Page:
Neck pain and neck injuries are common. The neck region is a highly mobile part of the body, with intricate components and hence is susceptible to injury.

Problems with the neck can affect all aspects of life from getting dressed to driving a car and even working productively.

The neck (cervical spine)—is a complex network of bones (vertebrae), joints, muscles, ligaments and nerves, designed for movement, strength, stability, and nerve communication. The cervical vertebrae extend from the base of the skull to the upper torso. The cervical discs act like shock absorbers between the vertebrae. The neck supports the head and allows for motion.

Any abnormalities in the neck like inflammation, or injury can cause neck pain or neck stiffness.

Neck pain is common among adults, but it can occur at any age. It is said that in one year up to 15% of adults can have an episode of neck pain.

Many people experience some type of neck pain or neck stiffness. These causes are usually minor like poor posture or overuse. In these instances the neck pain is mild and is relieved within a few days.

Sometimes, neck pain is caused by more serious injuries like following a fall, contact sports, or a whiplash injury and in some instances the neck pain can indicate serious injury or illness and requires a doctor or specialist medical care.

Neck pain can also be related to problems elsewhere in the body like the thoracic (chest) spine or even the shoulder.    

Most of the time more than one cause for the pain may occur at the same time, which can then make assessing and managing neck pain more complex.


Neck pain can occur suddenly or it can occur slowly. It may occur immediately after an injury or the onset of symptoms can be delayed.

Symptoms may include a sharp pain or a stiff neck, pain radiating down into the shoulder and arm, or pain radiating up into the head and face. There might be tingling, numbness, pins and needles and weakness or even headaches and symptoms of migraine. Sometimes people can be very unwell if there is a more serious cause like an infection or fracture of the spine.


When neck experts make an assessment a few things need to be considered because pain in the neck could be caused by a number of problems in or around the neck and sometimes even from more distant sites like the chest and heart. A few causes of neck pain:

  • Neck joints
    • The joints in the neck are called cervical facet joints. The facet joints can become inflamed and swollen (arthropathy), which can cause stiffness and pain. Sometimes the pain can be debilitating and long-lasting.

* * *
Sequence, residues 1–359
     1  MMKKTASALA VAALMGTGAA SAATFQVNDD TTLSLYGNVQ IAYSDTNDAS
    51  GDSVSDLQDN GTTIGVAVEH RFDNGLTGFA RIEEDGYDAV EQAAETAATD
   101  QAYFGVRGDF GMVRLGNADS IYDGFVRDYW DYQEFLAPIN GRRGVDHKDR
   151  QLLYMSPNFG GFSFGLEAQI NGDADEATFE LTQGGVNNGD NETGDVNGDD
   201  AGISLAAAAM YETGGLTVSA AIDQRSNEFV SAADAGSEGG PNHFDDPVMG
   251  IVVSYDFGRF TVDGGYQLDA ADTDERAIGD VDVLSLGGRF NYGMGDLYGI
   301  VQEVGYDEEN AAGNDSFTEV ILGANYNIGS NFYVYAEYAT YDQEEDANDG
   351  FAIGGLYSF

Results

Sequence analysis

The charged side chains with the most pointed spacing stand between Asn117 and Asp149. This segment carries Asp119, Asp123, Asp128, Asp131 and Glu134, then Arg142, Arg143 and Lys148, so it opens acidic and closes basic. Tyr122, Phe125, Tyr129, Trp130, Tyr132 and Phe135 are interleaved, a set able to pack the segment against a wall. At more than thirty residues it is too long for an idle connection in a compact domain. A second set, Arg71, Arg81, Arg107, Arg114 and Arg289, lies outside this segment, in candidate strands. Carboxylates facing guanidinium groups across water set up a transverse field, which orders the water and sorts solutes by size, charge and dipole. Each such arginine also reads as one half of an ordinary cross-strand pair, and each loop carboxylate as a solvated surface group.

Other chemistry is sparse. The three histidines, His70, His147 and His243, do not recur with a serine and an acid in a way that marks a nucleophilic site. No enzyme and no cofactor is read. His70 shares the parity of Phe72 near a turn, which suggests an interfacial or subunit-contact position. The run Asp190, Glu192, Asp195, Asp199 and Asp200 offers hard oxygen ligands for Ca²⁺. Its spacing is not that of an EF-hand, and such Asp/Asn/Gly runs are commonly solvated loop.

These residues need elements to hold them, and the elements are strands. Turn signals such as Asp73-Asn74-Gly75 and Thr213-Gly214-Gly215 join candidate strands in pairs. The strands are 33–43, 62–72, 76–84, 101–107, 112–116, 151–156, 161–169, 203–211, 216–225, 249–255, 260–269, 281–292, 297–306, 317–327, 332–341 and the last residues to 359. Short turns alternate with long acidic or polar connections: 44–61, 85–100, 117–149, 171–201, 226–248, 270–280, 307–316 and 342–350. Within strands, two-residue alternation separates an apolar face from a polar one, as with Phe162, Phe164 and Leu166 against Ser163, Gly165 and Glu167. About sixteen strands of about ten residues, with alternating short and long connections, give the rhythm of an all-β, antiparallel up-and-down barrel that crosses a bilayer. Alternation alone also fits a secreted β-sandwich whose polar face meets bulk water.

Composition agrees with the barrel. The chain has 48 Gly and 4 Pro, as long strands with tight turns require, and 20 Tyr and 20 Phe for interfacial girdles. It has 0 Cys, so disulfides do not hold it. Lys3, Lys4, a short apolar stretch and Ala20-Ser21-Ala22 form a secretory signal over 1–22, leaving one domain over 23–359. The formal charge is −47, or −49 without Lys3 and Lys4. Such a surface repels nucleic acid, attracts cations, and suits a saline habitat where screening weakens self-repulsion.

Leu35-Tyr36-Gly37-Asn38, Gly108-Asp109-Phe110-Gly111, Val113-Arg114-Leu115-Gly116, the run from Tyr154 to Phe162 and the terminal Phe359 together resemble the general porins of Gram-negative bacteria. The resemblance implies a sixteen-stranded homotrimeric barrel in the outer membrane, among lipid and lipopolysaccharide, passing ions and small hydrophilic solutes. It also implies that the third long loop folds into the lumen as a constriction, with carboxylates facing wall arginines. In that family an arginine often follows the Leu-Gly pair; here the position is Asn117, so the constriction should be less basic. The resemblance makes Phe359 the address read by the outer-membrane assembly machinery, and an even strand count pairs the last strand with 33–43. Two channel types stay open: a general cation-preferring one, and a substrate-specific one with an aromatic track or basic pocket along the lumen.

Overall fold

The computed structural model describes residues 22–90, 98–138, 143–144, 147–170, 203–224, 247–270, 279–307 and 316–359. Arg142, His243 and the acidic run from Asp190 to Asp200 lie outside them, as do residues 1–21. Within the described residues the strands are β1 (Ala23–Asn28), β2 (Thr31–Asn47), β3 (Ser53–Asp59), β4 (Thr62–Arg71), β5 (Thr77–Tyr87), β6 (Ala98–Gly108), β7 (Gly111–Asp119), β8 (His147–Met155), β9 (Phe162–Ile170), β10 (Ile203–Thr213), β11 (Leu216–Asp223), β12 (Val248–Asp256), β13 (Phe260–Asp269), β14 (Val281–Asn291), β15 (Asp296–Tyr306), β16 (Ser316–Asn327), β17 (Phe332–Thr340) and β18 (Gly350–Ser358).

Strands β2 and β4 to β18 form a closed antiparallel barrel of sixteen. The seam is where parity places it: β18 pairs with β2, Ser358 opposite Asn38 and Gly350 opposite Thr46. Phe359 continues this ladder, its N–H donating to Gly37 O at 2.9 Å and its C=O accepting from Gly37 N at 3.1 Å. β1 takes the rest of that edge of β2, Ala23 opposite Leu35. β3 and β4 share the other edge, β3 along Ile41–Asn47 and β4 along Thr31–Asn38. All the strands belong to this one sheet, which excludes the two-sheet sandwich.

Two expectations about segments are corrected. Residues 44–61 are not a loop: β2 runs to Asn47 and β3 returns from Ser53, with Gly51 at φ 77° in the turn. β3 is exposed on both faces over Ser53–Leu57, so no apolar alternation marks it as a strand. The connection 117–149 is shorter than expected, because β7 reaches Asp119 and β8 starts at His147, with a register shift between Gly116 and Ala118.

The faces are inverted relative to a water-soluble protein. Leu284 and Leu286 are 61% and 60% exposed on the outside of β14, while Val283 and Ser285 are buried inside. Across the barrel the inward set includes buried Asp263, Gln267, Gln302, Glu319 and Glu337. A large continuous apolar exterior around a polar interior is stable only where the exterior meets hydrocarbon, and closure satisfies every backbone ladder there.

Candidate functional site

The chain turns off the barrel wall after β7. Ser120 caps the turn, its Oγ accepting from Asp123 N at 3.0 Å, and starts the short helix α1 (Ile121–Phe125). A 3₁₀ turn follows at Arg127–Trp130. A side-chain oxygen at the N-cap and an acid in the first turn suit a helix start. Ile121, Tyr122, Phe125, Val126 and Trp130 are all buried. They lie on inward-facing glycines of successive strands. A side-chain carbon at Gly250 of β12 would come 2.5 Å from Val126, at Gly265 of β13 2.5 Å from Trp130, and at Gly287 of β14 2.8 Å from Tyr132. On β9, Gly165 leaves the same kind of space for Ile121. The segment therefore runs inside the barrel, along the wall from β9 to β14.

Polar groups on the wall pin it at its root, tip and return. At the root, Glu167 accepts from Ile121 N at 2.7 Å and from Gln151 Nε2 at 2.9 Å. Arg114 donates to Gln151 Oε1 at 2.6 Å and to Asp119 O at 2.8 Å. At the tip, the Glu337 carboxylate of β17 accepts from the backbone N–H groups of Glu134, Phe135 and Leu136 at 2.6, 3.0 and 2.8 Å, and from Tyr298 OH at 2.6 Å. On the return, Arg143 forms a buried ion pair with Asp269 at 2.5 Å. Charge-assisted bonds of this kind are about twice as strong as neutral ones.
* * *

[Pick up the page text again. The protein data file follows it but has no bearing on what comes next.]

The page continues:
• Neck muscle pain
    • Muscles around the neck are complex and can be a source of pain. These muscles can become weak or go into spasms.
  • Myofascial pain
    • This is pain that occurs because of problems with the surrounding muscles, ligaments and tendons of the neck and the upper back. The muscles may develop discrete little tight knots (taut bands) that are called myo-fascial trigger points. Trigger points are hyperirritable spots in the covering (fascia) surrounding muscle and can be very painful and quite debilitating. When a trigger point is touched or examined, it can cause exquisite pain in and around the area.
  • Whiplash syndrome
    • This occurs with a sudden and vigorous movement of the head, forwards and backwards or sideways. This problem tends to occur after a car accident or fall.
  • Cervical spondylosis (cervical osteoarthritis) is neck arthritis, which is an age-related condition that affects the joints, discs and ligaments of the neck. This can also occur in the C1/2 joint.
  • Spondylolisthesis
    • Pronounced spon-di-low-list-thee-sis.
    • Misalignment of spine bones occurs when one vertebra slips over the one below it. It can be caused by problems with the bone or discs (degeneration) or ligament issues. It usually occurs with spondylosis.
  • Degenerative disc disease
    • When cervical discs degenerate and change, they can sometimes become painful.
  • Referred pain
    • Referred pain is where pain in one part of the body can be felt in another part of the body that is nearby. This occurs when different parts of the body share the same nerves to send signals to the spine and brain. Neck problems like cervical (neck) facet joint arthritis or disc prolapses can both contribute to spinal nerves being compressed where they leave the spinal column (pinched nerves). This compression condition is called cervical foraminal stenosis and can cause radiating pain anywhere down into the shoulder, arm or hand.
  • Neck nerve pain
    • Sometimes neurological problems can cause neck pain. Neurological causes might include shingles (zoster), post herpetic neuralgia, or even some brain conditions like meningitis.
    • When a compression occurs into the spinal column itself, this may be called cervical spinal stenosis and if the compression is serious it can compress the spinal cord itself, which is called myelopathy. Myelopathy is when the compression of the spinal cord starts causing symptoms, such as weakness or problems with coordination in the arms, hands, legs, or even feet. Neurological or myofascial problems can also cause pain between the shoulder blades.
  • Sensitisation
    • Sometimes a problem in the nervous system called sensitisation can occur. This is when the pain, usually a nerve pain seems to be spreading up into the body and or down into the arm, or even into the other side of the body. People with sensitisation can even have sensitive skin and even light touch using a brush can be exquisitely painful.
  • Post-surgical pain
    • After an operation or surgery pain can sometimes persist even after the tissue has had sufficient time to heal. This can occur in up to 25% of all surgeries and sometimes the persistent pain can be intolerable and debilitating. Post-surgical pain can be caused by almost any type of operation, and can be caused by many things, including nerve injury or scarring, ongoing inflammation or infection, muscle weakness and stiffness. This is a complex pain condition and should be assessed and managed by pain specialist physicians in conjunction with the operating surgeons.

Serious causes of neck pain may include heart conditions like angina or even a heart attack (myocardial infarction).

Chronic neck pain treatment occurs when pain has been present for longer than 3 months and most treatments that have been tried have not helped. Treatment for persistent neck pain depends on what is causing the pain and should be delivered by a pain specialist doctor and their team of experts.

Contact us to find out what's causing your pain.


Anyone can get neck pain and it can occur at any age, although some people are more likely to develop neck pain.